Exactly. Don't you think that German's banks and ECB make earning from procurements, selling Euro as a safe heaven against the dollars, pounds and yens that their Banks have QEs. I think that they make a lot of money and have the rest of Europe in austerity programs in order to keep Euro strength and make easy companies acquisitions. But the other countries does not have much time left. That's we I believe on ECB QE because of the other EU countries' bubble of debt.
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waleedkhan
2 years ago
I agree completely...

Prechter has been ridiculed recently a lot for inaccurately calling the tops of the markets; but he still also insists that a crash is coming. Elliott waves are based on market behavior; and this prolonged rise is only due to the monetary easing/aid that has been continuing over the years and it is because of that reason alone elliott wave predictions for the long term have been inaccurate.

Even Poloz, in his last hearing sounded as if "low interest" rates will be the norm for a long time to come...

Thanks for sharing!
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ChartArt waleedkhan
2 years ago
The more I'm analyzing charts (and I only publish like 0.1% of the stuff I experiment with) the more I find that maybe for example Prechter's forecast might be actually right. But since most market participants don't have the same information and or don't share the same viewpoint, the market keeps on rallying on thinner and thinner support underneath - until the market ultimately crashes - much later than expected or thought possible. It's like when you see a little kid on a bicycle and you know the kid will fall and hurt itself very soon the way it swerves about - but somehow the little kid manages to avoid one or two more bicycle crashes - more than you expected. But then the kid finally tumbles down with the bicycle and cries out loud with tears in the eyes.
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2use ChartArt
2 years ago
I would not let it completely pass me by, but from here, its an easier road down - i already accept the fact that the amount of "crash" "correction" and other words from all over the place is "too damn high"...enough to create fear. I wonder how much of the impossible is actually possible.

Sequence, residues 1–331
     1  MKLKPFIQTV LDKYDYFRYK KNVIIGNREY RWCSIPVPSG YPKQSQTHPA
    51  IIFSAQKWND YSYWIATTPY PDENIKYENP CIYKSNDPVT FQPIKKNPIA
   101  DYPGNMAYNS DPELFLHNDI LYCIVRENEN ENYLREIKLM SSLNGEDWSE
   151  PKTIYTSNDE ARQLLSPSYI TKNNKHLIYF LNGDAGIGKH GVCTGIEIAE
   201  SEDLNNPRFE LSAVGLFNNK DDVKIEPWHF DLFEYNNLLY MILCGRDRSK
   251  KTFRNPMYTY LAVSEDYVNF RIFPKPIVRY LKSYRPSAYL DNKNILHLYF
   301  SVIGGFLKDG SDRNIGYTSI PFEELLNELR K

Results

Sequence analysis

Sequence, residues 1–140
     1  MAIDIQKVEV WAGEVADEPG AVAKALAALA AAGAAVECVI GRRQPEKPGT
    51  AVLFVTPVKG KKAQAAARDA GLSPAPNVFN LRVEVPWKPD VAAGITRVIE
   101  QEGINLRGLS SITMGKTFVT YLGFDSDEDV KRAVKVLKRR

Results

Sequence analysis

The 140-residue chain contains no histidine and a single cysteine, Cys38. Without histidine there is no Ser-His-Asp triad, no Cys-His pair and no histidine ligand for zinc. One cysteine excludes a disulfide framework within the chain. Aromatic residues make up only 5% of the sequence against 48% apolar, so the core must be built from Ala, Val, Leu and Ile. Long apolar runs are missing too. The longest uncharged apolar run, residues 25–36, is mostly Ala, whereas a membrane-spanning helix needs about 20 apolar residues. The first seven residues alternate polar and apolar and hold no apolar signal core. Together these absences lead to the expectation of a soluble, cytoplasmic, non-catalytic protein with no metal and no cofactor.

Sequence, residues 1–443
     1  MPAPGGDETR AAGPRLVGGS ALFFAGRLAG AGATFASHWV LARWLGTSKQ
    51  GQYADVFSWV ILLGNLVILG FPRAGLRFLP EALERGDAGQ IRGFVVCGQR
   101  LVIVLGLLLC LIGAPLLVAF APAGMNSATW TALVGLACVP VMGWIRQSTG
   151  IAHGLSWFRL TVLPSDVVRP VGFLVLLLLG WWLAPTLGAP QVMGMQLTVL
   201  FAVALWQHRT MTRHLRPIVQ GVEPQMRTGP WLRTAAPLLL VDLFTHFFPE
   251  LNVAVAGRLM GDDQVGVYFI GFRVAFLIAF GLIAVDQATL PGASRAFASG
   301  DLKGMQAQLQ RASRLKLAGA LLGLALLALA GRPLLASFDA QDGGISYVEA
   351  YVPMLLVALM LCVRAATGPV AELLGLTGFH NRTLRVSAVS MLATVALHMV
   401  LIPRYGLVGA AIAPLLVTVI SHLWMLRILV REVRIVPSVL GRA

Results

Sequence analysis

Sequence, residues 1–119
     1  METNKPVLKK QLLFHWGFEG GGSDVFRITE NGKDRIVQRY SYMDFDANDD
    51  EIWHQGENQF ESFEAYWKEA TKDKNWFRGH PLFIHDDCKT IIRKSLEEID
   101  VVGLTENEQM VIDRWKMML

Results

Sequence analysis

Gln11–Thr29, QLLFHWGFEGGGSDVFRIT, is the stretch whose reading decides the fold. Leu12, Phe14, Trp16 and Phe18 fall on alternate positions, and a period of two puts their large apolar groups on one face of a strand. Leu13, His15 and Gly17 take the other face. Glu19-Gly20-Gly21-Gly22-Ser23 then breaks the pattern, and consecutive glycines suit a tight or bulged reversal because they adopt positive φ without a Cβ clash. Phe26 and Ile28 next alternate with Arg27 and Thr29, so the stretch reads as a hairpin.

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waleedkhan ChartArt
2 years ago
Indeed... that's a good analogy.

The post QE world is heavily dependent on central bankers... The market now is completely taking cues from them; and this is where elliottwaves are missing targets for the long term projections...
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waleedkhan ChartArt
2 years ago
Indeed... that's a good analogy.

The post QE world is heavily dependent on central bankers... The market now is completely taking cues from them; and this is where elliottwaves are missing targets for the long term projections...
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2use waleedkhan
2 years ago
Don't forget that it may be even a smarter head fake from money makers to rake in money from those who think they are missing on a bull run. First one out wins the most - and we know who goes out first.
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waleedkhan 2use
2 years ago
ahh... the infamous "distribution" phase; smart money all set to take away what really belonged to them in the first place...
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QuantitativeExhaustion PRO ChartArt
2 years ago
The markets are moved by animal spirits, and not by reason.
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hehe
2 years ago
http://www.bloomberg.com/news/2014-07-06/gowex-to-file-for-insolvency-as-ceo-resigns-after-gotham-report.html
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ChartArt
2 years ago
I recently looked at many tech stocks and I came to the same conclusion. The RSI of almost all tech stocks shows that while the price seems to keep going up, the underlying strength of the price growth is in most cases already declining since 2013.

Take for example IBM
snapshot
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2use ChartArt
2 years ago
Seen it on MU. shouldn't it show on an aggregate index?
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So what's the date we are picking for the drop .. month/year

I'd say July 2015
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QuantitativeExhaustion PRO QuantitativeExhaustion
2 years ago
OR better yet...

exactly 9 months after Federal Reserve purchases last bond and remains steady with funds target at .25%
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QuantitativeExhaustion PRO ChartArt
2 years ago
Markets can remain irrational a lot longer than you and I can remain solvent. RSI 1400 ???.. interesting/ Although, I still see divergence with a 1400 RSI I'd Wait for double divergence signal and an even deeper RSI slope